Secretary Clinton is more interventionist than President Obama and many in the Democratic Party. She advocated military action to remove Syrian leader Bashar al-Assad and voted for the war in Iraq, although she later said it was a mistake. Clinton is a ‘smart power’ advocate and believes in using diplomacy and development in the pursuit of American interests. Unfortunately, the campaign has had little substantive debate.  Hillary Clinton has a strong, traditional ground game to mobilize as many voters as possible, especially the Obama coalition of diverse voters.

Fundamentally, getting out the vote is the key to winning the election and the last days are intense “Get Out the Vote” efforts for both parties. This election reminds me of Sir Winston Churchill’s quote: “You can always count on Americans to do the right thing – after they’ve tried everything else.” This year the campaign has indeed tried everything else, now for the voters to do the right thing is all that is left.

Trump has caused concerns for other countries. Do you think that Trump could establish good external relations if he wins the race?

JDB: Donald Trump has shamelessly tapped domestic partisan divisions in rejecting President Obama, reaching deep discontent in the public borne of two inconclusive and expensive wars, focusing on a Great Recession with sluggish growth and stoking fears of lost identity by White Americans through immigration. He will face an angry Mexico with his Mexican Wall and attacks against Latinos. He has disparaged Muslims, women and others. He has created a storm of protest that has damaged America’s international leadership with his calling into doubt America’s alliances, through his questioning of NATO’s Article 5 guarantee, his call to renegotiate trade treaties, and his support for isolationism. The Trump phenomenon has roots in authoritarianism and he will have a difficult time reversing these positions.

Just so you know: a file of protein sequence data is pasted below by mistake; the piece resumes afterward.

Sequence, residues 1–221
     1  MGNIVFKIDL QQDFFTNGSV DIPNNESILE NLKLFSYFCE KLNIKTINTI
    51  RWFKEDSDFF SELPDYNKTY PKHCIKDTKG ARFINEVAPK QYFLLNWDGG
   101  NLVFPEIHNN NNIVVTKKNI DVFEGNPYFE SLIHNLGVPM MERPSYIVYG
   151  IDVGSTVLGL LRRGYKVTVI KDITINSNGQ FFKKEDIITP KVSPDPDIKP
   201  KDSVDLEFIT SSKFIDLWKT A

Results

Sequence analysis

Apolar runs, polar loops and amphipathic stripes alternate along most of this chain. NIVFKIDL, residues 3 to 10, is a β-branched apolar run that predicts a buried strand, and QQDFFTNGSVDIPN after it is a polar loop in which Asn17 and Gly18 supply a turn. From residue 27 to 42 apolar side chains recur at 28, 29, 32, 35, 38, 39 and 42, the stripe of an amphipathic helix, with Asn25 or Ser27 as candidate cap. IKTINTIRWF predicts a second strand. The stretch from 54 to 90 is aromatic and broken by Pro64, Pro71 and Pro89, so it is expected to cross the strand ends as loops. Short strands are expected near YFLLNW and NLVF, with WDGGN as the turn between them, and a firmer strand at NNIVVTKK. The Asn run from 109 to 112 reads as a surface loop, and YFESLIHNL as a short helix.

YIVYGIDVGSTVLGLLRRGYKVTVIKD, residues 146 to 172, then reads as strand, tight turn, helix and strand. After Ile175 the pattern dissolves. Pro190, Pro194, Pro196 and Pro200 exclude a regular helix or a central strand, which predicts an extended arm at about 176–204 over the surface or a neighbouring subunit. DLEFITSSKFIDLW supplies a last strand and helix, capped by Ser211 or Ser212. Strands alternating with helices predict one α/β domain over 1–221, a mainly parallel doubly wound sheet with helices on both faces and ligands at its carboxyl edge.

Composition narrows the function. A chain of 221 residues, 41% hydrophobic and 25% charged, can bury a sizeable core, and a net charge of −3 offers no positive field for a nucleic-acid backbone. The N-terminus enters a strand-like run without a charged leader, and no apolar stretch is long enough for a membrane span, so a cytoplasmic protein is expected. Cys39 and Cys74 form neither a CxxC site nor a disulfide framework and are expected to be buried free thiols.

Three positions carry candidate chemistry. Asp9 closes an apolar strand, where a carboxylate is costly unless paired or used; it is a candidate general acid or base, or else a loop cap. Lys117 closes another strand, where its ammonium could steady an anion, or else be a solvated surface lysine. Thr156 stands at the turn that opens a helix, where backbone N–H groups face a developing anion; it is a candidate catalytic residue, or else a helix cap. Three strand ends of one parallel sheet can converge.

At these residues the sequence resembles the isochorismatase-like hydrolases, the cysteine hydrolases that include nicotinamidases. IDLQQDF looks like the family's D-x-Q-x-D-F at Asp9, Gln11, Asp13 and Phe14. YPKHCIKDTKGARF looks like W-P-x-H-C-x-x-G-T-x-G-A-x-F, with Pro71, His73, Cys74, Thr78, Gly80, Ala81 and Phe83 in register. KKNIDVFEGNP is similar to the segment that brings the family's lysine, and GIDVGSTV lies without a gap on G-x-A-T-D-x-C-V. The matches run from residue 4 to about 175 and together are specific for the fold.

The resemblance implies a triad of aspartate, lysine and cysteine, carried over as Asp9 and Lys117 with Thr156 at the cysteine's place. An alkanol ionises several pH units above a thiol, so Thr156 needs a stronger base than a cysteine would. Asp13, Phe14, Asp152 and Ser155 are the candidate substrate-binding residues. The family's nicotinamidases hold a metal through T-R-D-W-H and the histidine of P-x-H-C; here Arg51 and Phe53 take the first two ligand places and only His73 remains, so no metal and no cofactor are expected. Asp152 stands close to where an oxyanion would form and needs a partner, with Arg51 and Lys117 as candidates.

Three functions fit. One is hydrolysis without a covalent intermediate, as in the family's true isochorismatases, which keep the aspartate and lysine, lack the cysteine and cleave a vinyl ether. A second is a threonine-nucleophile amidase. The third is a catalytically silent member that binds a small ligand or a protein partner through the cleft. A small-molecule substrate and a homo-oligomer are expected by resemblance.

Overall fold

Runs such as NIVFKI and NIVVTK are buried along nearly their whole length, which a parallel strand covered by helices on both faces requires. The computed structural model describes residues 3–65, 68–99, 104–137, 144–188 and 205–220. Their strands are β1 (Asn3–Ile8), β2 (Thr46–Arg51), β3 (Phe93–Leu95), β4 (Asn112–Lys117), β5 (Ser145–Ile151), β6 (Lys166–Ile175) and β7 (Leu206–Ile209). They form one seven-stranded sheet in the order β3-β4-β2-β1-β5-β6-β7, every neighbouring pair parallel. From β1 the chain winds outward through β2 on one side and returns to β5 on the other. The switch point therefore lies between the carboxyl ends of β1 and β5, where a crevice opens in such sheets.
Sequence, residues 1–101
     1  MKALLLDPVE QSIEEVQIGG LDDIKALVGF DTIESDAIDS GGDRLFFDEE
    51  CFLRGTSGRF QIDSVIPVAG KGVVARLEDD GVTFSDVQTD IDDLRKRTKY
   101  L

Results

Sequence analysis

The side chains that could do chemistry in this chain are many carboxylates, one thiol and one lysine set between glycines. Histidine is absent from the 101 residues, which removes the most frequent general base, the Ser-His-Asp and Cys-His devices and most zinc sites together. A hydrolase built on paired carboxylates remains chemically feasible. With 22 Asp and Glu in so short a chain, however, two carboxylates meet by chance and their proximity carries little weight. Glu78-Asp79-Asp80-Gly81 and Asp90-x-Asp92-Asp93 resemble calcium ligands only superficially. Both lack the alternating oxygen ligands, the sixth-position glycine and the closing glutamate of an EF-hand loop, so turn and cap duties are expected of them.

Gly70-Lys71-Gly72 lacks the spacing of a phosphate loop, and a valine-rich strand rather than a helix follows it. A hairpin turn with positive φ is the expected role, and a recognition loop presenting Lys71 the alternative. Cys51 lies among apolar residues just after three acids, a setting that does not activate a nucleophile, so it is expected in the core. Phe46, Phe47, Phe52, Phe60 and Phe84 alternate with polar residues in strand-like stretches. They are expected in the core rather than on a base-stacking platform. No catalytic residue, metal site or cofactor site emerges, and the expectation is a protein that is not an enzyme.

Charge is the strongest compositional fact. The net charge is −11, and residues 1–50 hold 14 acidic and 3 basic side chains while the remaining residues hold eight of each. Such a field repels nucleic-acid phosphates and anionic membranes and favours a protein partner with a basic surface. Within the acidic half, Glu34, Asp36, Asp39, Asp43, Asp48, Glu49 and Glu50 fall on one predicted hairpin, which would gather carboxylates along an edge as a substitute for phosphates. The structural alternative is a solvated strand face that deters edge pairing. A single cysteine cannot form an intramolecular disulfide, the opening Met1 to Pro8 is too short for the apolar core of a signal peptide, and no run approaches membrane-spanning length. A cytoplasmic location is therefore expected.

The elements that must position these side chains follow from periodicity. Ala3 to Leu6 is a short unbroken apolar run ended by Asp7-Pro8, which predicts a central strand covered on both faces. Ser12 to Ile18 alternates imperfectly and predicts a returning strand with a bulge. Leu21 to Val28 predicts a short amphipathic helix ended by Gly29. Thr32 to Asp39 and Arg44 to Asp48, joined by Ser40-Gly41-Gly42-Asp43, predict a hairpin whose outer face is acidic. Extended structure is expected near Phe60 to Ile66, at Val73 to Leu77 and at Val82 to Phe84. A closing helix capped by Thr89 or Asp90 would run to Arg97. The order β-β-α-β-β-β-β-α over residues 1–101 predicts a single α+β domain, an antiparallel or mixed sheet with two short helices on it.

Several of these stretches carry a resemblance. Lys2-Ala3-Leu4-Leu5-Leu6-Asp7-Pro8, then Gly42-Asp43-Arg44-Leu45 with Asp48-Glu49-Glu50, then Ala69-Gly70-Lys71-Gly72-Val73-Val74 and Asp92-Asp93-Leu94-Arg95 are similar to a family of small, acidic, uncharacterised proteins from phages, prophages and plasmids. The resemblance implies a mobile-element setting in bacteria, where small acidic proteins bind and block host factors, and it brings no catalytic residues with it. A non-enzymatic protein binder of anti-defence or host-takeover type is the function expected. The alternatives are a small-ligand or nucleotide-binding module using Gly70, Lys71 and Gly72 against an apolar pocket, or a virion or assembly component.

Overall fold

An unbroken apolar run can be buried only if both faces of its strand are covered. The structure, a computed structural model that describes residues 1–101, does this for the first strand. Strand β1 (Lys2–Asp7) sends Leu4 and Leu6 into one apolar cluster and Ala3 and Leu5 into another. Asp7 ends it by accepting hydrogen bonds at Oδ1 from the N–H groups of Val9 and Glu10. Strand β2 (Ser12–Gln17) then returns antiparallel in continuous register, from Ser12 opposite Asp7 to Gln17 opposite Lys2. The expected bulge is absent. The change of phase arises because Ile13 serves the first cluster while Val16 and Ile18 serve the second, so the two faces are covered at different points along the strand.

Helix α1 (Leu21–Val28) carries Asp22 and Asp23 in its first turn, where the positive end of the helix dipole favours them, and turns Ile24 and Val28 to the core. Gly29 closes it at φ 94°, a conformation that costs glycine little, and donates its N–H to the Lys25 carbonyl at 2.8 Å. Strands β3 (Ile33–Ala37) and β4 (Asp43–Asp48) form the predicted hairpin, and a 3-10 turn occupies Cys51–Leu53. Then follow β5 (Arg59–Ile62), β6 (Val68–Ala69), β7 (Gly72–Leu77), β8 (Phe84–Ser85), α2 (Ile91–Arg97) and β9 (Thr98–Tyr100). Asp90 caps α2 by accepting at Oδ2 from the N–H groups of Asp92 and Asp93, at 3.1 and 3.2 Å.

The two candidates, and especially Trump, have used “dirty tricks” when they focused on personal criticize. Is it an expression of the deterioration of US politics?

JDB: Americans are disappointed that election avoided debating issues that affect their lives as the candidates engaging in accusations.  The voters missed the opportunity to address the impact of Globalization, digitalization and technology change on the middle class in developed countries. The economists Branko Milanovic und Christoph Lakner have shown that the winners of globalization are found, not in the developed world, but in the developing world, notably in Asia.  Political elites have failed to master the effects of these tectonic shifts. Trump tapped them. Sadly, these shifts have resulted in identity politics, conflicts over gender, race, religion, and the environment. The election campaign missed the opportunity to shape future policy, while engaging in personal attacks. We in America are left with Tuesday’s question of who will win the votes of the disadvantaged, the disinherited, the demoralized, the lost from globalization, digitalization and technological change.

Cicero, writing “On Friendship” offered a way forward: “Nature has so formed us that a certain tie unites us all, but … this tie becomes stronger from proximity.”  Republicans and Democrats need to reach out to each other and overcome the partisan divide we have seen in this campaign.


James D. Bindenagel was appointed Henry-Kissinger Professor at the University of Bonn and is founding director of the Center for International Security and Governance (created at the same time as the professorship) in October 2014. Bindenagel is considered a leading expert on transatlantic relations with a special focus on the German-US relationship, with which he is familiar from many years of personal practical experience. During his thirty years in the US diplomatic service, Professor Bindenagel worked both for the US State Department in US consulates and embassies in West Germany, East Germany and the reunified Germany. He was US Ambassador to Germany from 1996 to 1997.